i.Clients of Special Category i.e.
Trust, Charities, NGOs and organizations receiving donations
Companies with close family holdings or beneficial Ownership
Politically Exposed Persons
Companies offering foreign exchange offerings
Clients in high risk countries
Non face to face clients
Clients with dubious reputation as per public information available etc
ii. Clients transferring large sums of money to or from overseas locations with instructions for payment in cash
iii. Attempted transfer of investment proceeds to unrelated third parties
It may be noted that no account trading / demat can be opened in the name of entities whose name appear in the list of UNSC or entities debarred by SEBI.
The end clients are therefore advised to co-operate with us by providing additional information / documents if asked at the time to opening of the account and / or for during the course of dealings with us to ensure due compliance of the requirements under the PMLA Act.
As a responsible citizen it is our statutory as well as moral duty to be vigilant and refrain from temptation of easy monetary gains by knowingly or unknowingly supporting the people who are involved in activities which are endangering our freedom and causing damage to nation and to us as well.
For any further clarification, you may please refer to detailed PMLA Policy published on our website or contact Principle Office of the company.
Lists of Red Flag Indicators for Terrorist Financing
Four Lists of Red Flag Indicators for Terrorist Financing
1. Financial and Behavioral Indicators Published by The Egmont Group of Financial Intelligence Units
Indicators linked to the financial transactions:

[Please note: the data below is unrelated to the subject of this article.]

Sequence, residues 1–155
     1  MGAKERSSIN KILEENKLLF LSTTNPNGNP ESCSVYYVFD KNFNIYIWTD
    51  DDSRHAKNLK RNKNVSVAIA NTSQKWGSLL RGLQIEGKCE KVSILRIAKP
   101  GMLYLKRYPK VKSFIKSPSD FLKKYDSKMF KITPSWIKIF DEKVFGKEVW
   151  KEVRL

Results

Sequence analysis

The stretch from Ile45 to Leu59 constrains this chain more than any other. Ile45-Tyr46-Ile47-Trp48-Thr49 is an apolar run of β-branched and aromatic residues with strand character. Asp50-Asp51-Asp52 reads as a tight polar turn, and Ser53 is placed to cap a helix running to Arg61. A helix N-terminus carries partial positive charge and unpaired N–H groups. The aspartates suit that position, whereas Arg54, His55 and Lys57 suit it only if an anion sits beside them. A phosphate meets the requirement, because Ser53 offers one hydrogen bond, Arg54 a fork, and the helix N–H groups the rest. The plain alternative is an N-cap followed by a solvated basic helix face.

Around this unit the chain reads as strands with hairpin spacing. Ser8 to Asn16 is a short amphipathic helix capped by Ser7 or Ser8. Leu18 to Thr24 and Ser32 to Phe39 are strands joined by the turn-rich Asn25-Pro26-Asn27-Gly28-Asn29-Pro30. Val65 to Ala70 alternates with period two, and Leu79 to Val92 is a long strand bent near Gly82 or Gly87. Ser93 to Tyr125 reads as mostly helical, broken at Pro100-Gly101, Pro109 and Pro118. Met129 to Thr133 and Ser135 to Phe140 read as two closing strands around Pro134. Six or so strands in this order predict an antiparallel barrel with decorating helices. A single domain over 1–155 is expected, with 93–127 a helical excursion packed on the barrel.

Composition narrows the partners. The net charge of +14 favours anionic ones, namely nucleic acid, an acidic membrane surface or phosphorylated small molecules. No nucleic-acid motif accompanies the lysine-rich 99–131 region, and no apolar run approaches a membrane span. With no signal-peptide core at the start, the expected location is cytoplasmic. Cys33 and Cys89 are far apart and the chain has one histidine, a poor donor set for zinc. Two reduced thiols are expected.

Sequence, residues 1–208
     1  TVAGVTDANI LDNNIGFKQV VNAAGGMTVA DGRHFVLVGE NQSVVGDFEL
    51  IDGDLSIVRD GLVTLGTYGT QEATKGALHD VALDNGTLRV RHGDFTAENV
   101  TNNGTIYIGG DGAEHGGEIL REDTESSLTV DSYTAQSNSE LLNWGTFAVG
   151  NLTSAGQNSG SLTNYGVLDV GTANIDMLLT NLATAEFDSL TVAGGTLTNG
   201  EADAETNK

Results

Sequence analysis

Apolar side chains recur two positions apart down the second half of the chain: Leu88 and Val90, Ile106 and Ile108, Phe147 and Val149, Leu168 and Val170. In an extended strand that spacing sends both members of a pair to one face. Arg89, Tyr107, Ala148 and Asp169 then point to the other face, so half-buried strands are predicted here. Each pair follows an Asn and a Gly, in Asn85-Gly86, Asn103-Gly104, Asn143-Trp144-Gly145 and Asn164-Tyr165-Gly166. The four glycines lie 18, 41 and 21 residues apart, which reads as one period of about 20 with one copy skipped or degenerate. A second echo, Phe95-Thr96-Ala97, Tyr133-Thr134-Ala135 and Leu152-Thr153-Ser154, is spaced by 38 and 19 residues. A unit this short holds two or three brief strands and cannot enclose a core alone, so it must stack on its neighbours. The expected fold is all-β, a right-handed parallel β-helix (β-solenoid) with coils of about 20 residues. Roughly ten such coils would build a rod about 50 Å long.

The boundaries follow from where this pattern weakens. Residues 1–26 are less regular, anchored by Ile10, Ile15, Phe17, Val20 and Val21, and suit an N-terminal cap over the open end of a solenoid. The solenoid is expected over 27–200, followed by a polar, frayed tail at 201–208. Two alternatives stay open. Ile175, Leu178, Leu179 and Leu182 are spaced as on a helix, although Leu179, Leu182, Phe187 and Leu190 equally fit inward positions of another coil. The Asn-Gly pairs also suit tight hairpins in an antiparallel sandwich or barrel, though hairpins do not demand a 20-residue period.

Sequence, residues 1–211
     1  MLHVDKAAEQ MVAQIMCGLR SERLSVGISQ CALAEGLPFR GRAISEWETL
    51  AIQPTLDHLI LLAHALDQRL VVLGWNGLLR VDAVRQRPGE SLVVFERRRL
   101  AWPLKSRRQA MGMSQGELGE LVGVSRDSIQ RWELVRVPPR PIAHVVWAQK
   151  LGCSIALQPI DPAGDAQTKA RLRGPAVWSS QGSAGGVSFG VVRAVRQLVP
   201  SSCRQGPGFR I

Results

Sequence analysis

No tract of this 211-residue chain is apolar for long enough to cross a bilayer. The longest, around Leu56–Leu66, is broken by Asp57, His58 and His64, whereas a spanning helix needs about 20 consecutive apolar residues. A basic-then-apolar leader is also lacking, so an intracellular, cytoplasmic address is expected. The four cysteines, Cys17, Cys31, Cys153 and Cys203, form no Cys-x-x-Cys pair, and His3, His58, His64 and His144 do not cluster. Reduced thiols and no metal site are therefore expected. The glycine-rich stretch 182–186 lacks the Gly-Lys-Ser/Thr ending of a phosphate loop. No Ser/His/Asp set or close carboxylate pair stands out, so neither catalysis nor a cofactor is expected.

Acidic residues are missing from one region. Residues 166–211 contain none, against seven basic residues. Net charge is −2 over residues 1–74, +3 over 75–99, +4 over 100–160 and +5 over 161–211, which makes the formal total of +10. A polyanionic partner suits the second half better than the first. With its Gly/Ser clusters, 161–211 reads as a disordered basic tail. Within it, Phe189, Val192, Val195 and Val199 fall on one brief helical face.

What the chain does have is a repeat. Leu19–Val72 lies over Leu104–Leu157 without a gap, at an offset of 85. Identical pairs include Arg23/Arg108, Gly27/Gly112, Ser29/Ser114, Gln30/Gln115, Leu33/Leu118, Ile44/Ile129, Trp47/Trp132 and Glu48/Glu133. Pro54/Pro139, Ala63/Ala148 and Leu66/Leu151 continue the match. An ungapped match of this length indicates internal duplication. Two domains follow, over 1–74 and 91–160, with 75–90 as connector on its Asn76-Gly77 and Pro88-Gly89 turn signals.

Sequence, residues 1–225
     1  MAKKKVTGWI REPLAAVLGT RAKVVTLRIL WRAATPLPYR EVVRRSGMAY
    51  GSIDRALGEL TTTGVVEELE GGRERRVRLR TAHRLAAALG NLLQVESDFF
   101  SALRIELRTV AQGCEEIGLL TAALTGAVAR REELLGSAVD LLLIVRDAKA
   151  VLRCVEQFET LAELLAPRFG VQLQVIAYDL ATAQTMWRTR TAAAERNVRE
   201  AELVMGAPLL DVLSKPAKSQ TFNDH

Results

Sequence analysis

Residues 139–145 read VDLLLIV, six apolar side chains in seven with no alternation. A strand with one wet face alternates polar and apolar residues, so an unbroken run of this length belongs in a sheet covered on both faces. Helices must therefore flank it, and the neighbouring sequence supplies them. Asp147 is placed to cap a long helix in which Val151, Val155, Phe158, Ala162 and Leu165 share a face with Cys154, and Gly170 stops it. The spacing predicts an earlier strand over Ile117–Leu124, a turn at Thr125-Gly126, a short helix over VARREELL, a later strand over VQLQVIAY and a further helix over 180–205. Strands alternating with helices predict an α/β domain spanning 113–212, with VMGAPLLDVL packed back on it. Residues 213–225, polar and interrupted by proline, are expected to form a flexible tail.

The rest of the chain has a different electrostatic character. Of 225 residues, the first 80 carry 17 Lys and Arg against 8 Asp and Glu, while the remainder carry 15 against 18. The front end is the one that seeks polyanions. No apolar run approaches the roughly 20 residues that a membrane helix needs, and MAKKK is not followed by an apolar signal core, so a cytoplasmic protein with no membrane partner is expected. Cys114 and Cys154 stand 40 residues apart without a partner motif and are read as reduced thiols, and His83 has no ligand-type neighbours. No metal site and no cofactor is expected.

1. The use of funds by the non-profit organization is not consistent with the purpose for which it was established.
2. The transaction is not economically justified considering the account holder’s business or profession.
3. A series of complicated transfers of funds from one person to another as a means to hide the source and intended use of the funds.
4. Transactions which are inconsistent with the account’s normal activity.
5. Deposits were structured below the reporting requirements to avoid detection.
6. Multiple cash deposits and withdrawals with suspicious references.
7. Frequent domestic and international ATM activity.
8. No business rationale or economic justification for the transaction.
9. Unusual cash activity in foreign bank accounts.
10. Multiple cash deposits in small amounts in an account followed by a large wire transfer to another country.
11. Use of multiple, foreign bank accounts.
1. The parties to the transaction (owner, beneficiary, etc.) are from countries known to support terrorist activities and organizations.
2. Use of false corporations, including shell-companies.
3. Inclusion of the individual in the United Nations 1267 Sanctions list.
4. Media reports that the account holder is linked to known terrorist organizations or is engaged in terrorist activities.
5. Beneficial owner of the account not properly identified.
6. Use of nominees, trusts, family member or third party accounts.
7. Use of false identification.
8. Abuse of non-profit organization.
2. Potentially Suspicious Activity That May Indicate Terrorist Financing Published in the FFIEC BSA/AML Examination Manual
Activity Inconsistent With the Customer’s Business: